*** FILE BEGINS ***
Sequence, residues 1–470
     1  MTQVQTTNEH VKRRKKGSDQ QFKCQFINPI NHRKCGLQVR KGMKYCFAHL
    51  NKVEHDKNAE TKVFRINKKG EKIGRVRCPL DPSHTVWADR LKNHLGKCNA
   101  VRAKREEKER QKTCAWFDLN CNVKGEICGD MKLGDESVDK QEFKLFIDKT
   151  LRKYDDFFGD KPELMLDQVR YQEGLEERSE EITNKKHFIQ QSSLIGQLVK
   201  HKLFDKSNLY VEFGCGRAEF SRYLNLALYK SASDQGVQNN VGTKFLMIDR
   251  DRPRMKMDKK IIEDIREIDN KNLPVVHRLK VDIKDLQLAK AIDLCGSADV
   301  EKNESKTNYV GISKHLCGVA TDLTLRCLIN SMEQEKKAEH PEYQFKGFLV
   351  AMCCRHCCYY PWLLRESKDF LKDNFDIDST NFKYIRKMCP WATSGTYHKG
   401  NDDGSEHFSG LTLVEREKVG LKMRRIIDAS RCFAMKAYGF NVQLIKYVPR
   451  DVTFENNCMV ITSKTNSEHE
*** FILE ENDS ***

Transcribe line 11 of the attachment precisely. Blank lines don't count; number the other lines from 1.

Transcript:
   451  DVTFENNCMV ITSKTNSEHE